Decatur library unveils “mystery date” books

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Maddie De Pree

Judging a book by its cover? Not anymore, thanks to the library’s latest scheme: blind dates. Upon entering, you’ll see about 20 “mystery books” wrapped in brown paper, with the novel’s first line scrawled on the front.

“We’re calling that the pickup line,” librarian Sandi Dennis said. “Sometimes you don’t even get past the cover to see the first line, so we took that whole element away.”

Librarian Sandi Dennis poses with senior intern Declan Clark. Dennis designed the Mystery Date poster online at canvas.com, a free graphic design site.
Librarian Sandi Dennis poses with senior intern Declan Clark. Dennis designed the Mystery Date poster herself at canva.com, a free graphic design site.

The books are wrapped shut, so the only way to read further is to check one out and unwrap it. The mystery books made their debut at an evening event last night, and were a huge hit among guests, according to Dennis.

“We even had adults looking at them last night,” she said. “We had a reception in here and they were like, ‘I’ve already seen three or four that I want to read now.’”

Senior interns Chloe Sittig and Laurie Ray spent about two weeks scouring shelves and wrapping books. Ray borrowed the idea from Malaprops, “the best bookstore in Asheville,” and added her own twist. While Malaprops labels their mystery books by genre, Ray wanted to emphasize the first line.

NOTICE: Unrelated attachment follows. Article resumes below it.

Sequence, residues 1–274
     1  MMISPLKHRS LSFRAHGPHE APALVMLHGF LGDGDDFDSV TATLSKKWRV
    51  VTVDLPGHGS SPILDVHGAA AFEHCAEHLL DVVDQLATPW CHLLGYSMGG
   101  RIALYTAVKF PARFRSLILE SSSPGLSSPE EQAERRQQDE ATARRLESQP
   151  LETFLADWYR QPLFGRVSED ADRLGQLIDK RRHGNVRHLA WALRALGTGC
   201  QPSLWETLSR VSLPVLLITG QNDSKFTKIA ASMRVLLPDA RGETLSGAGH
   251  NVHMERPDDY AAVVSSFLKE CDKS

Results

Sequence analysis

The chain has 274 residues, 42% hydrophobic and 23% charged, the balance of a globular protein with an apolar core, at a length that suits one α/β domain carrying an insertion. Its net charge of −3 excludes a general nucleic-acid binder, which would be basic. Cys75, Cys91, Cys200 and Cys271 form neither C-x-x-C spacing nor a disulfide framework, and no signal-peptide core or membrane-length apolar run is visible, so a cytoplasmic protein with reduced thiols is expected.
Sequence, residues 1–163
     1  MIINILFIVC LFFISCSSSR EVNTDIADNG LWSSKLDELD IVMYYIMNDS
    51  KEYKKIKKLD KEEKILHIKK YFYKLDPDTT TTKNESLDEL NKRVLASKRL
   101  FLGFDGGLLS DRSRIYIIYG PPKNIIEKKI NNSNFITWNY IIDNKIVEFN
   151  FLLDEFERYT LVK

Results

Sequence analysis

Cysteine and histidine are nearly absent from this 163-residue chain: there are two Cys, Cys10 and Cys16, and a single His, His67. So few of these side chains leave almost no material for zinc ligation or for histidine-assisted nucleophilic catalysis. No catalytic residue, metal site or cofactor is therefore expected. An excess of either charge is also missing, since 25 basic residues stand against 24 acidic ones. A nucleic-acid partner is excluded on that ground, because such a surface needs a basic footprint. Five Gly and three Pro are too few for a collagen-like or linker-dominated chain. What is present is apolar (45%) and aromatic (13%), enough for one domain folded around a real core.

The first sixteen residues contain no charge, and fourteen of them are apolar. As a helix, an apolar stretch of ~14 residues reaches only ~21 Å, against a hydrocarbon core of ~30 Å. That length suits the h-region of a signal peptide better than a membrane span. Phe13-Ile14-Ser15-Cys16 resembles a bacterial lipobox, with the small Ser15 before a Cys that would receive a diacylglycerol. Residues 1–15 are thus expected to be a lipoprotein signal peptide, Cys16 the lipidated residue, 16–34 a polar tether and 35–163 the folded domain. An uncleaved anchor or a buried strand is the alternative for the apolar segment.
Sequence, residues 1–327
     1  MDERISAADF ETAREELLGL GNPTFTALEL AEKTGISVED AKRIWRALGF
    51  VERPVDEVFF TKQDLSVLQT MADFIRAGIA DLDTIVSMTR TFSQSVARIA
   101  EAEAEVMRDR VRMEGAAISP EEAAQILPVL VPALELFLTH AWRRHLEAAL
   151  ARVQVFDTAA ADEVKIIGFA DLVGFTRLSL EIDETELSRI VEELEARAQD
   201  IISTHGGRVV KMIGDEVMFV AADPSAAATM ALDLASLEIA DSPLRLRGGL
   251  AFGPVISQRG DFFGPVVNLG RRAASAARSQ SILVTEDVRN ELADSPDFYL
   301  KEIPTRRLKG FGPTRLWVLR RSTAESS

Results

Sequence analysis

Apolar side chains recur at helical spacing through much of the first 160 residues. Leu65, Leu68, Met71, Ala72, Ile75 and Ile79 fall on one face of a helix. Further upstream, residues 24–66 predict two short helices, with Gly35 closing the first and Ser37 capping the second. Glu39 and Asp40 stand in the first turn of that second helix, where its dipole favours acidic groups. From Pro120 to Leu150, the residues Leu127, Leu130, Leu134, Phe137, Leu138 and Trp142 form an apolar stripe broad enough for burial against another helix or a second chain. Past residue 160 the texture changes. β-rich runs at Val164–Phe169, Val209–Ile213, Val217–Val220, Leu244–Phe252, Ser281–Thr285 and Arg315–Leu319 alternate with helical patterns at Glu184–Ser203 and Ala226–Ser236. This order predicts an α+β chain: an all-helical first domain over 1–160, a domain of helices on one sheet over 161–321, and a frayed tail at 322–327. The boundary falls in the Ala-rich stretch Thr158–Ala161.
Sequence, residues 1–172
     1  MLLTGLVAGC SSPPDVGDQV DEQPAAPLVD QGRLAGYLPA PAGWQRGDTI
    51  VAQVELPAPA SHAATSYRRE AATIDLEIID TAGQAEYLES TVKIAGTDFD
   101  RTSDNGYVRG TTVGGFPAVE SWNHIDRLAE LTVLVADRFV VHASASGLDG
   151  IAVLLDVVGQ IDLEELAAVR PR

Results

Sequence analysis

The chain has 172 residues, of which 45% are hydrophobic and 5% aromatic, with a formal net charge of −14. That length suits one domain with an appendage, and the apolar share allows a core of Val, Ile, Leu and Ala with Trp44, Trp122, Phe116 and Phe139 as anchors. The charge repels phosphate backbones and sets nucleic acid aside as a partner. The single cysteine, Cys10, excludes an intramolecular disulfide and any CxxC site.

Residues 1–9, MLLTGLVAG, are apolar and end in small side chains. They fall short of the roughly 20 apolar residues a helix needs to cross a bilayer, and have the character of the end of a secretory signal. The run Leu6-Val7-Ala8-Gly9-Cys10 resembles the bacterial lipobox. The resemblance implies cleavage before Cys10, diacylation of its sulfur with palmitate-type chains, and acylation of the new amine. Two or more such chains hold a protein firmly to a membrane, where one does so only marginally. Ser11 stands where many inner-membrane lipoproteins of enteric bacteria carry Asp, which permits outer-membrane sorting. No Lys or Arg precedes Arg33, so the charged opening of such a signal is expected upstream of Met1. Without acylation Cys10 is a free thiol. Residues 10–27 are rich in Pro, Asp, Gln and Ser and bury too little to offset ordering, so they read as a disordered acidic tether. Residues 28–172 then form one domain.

Senior Laurie Ray initially suggested the library's newest display. One of her favorite mystery book first lines is, "The most dangerous thing I ever did was tell a grown man my real name, I typed it for him."
Senior Laurie Ray initially suggested the mystery books. One of her favorite first lines is, “The most dangerous thing I ever did was tell a grown man my real name, I typed it for him.”

“I think a lot of people, when they write books, don’t think about the first line,” she said. “Some people really put a lot of thought into their first line, and you can tell.”

Above all, Ray thinks the mystery books are “a great way to branch out.” Dennis agrees, and promises students that their paperback soulmate is out there.

“If you don’t find anything you like, we’ll play matchmaker for you,” she said.